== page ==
Latin American single mothers are being left behind
WVanessa’s chicken22-year-old, who finished school her goal was to get a job and move out of school favelas of Rio de Janeiro. Those plans were scrapped three years ago when she became pregnant. Vanessa and her boyfriend broke up soon after and she found herself raising her daughter alone. It has been difficult for her to find a full-time job without childcare. For now, she runs a beauty salon from her front room.
In Latin America and the Caribbean stories like Vanessa’s are common. About 11% of households are headed by a single parent, almost always a mother, according to estimates from the UN. That is higher than the global average of 8% (see chart). Even in sub-Saharan Africa – which exacerbates other indicators, such as poverty and access to abortion – single-parent families account for 10% of the total. On average almost one third of Latin American women can expect to have a baby before the age of 20.
The prevalence of single mothers shows how Latin America is stuck in a developmental limbo. No country in the region falls under the World Bank’s definition of low income. Female enrollment in secondary school is close to 100%. Despite being home to a third of the world’s Catholics, attitudes towards sex can be liberal in parts of the region. When asked how reasonable it is to have sex before marriage, about a fifth of respondents in Argentina, Brazil and Chile say it is “always reasonable”, according to World Values Survey, poll. Only 5% of people say the same in Ethiopia and Nigeria.
Despite this, religious views continue to shape access to abortion in parts of the region. More than 80% of women of reproductive age in Latin America live in countries where the Center for Reproductive Rights, an advocacy group, describes abortion laws as “restrictive.” In some countries sex education focuses on abstinence. Machismo it doesn’t help. Diana Rodríguez Franco, secretary of women’s affairs in the mayor’s office in Bogotá, the capital of Colombia, describes a common pattern there: “A woman has a child, she is abandoned by the father, she has another child with another man, she is abandoned again.”
The latest data from the World Bank shows that 78% of single mothers in Latin America and the Caribbean are in the workforce, either working or actively looking for work, above average of 73% for all adults. But the unemployment rate among single mothers, at 9.2%, is higher than for any other group, including single women without children and single fathers. Even when they do find jobs, single mothers earn far less than other adults. Often the only job that offers the flexibility needed to juggle childcare is in the informal sector.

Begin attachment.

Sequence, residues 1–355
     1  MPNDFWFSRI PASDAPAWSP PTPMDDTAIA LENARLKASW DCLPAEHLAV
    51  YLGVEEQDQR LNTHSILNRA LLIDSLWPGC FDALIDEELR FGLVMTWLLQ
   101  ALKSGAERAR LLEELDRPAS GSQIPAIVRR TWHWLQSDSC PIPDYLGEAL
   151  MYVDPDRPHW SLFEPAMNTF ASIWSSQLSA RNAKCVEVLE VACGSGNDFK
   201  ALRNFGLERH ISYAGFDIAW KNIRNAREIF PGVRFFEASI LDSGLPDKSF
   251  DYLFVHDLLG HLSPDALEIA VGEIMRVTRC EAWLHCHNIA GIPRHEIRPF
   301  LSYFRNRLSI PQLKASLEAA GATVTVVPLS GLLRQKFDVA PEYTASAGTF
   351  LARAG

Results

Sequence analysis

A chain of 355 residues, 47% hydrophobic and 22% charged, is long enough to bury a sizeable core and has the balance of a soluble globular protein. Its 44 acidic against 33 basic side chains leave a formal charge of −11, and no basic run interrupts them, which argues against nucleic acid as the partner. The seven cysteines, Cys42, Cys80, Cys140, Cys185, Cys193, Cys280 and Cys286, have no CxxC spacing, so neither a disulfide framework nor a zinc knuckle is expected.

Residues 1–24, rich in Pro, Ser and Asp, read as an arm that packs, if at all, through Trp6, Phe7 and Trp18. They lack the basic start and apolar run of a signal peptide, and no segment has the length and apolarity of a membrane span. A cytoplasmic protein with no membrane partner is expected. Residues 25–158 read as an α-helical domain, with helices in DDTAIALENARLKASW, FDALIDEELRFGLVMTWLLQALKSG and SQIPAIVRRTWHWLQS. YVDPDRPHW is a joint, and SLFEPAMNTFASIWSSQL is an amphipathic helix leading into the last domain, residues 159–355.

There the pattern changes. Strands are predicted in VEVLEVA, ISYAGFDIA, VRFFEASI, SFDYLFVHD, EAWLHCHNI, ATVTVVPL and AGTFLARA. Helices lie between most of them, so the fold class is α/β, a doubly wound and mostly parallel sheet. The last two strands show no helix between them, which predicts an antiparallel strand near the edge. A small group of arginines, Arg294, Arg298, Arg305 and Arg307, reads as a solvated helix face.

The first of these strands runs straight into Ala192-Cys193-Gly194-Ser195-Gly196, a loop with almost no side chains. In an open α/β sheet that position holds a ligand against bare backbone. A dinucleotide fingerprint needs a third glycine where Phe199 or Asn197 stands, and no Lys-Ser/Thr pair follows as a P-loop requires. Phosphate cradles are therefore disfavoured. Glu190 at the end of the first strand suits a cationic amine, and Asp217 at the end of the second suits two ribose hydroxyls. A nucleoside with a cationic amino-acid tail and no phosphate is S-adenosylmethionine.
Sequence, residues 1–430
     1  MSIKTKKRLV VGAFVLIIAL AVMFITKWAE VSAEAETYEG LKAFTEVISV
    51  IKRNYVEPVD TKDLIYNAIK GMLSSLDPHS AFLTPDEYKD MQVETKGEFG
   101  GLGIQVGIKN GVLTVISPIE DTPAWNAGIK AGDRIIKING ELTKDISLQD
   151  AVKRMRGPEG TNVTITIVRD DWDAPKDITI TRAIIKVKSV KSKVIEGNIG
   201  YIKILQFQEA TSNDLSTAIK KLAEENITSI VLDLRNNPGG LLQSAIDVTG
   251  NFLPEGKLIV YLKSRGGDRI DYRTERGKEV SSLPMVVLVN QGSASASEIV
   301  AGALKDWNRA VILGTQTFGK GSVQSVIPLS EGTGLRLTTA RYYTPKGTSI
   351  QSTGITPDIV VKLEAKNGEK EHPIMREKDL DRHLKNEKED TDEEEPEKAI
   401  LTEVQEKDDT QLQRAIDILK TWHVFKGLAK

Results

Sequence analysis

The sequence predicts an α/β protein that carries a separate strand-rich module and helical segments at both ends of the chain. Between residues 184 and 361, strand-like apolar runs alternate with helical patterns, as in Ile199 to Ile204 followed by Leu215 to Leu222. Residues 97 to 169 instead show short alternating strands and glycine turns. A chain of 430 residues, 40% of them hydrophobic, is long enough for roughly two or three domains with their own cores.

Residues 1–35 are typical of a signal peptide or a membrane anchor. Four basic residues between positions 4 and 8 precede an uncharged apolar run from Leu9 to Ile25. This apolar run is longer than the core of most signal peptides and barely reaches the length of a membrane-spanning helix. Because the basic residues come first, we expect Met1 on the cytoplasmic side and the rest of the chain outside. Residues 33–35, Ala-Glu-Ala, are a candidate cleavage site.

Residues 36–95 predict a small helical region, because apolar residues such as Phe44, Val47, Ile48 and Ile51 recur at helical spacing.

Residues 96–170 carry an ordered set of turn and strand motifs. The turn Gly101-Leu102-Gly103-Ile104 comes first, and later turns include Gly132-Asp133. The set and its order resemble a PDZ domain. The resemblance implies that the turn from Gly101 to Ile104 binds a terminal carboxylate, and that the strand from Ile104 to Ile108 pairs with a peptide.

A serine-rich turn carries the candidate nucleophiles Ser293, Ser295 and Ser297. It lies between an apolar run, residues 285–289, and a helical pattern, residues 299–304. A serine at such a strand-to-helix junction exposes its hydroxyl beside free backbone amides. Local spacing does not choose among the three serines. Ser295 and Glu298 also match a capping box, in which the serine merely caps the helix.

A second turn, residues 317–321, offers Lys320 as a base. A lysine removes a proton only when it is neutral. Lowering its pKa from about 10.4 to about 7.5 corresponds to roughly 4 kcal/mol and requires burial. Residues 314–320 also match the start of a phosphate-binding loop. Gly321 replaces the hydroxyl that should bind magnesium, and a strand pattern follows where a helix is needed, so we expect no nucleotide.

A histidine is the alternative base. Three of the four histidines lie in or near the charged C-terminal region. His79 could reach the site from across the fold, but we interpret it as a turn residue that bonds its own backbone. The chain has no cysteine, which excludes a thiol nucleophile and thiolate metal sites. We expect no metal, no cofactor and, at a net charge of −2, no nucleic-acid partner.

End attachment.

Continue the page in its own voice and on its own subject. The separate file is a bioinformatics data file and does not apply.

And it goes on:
This has wider implications for the economy. The UN believes that as women’s participation rate in the workforce is lower, the gender gap will narrow GDP per person down 14% in Latin America and the Caribbean between 2020 and 2050. According to the World Bank’s Human Capital Index, which measures expected productivity based on health and education, a girl born in -today in Brazil more human capital before age. 18 is a boy. Girls are more likely to finish school and less likely to join gangs. But assuming that there are not many changes in Brazilian society, this girl will not put that talent to use. Considering current labor force participation rates, a woman in the labor market would probably use a third of her talent, while a man would use two fifths .
Governments are trying to deal with the problem. Argentina, Colombia and Mexico have banned the ban in recent years. Cash transfer programs target poor women. During the pandemic the Brazilian government offered double benefits to single mothers. In Bogotá the mayor’s office has built 18 manzanas del cuidadoor “care blocks”, where women can receive free vocational training, sexual health services and help applying for government assistance.
More could be done. In many countries the law forces fathers to pay child support. But enforcement is weak, says Laura Cuesta at Rutgers University in New Jersey. The proportion of single-mother households receiving child support ranges from 15% in Guatemala to 50% in Chile. Franco Parisi, who ran in the presidential election of Chile in 2021, did not campaign in the country. One local problem was a judgment against him for 207m pesos ($260,000) in child support owed to his ex-wife. (His lawyer denied the allegations, but Mr. Parisi later reached an out-of-court settlement.) Even so, Mr. Parisi still won 13% of the vote.
Single mothers must rely on their family for support, instead. 43% of Peruvian mothers live with at least one other adult who is not their spouse or partner. Until governments and fathers begin to provide support, abuelas (grandmother) they have to fill the gap. ■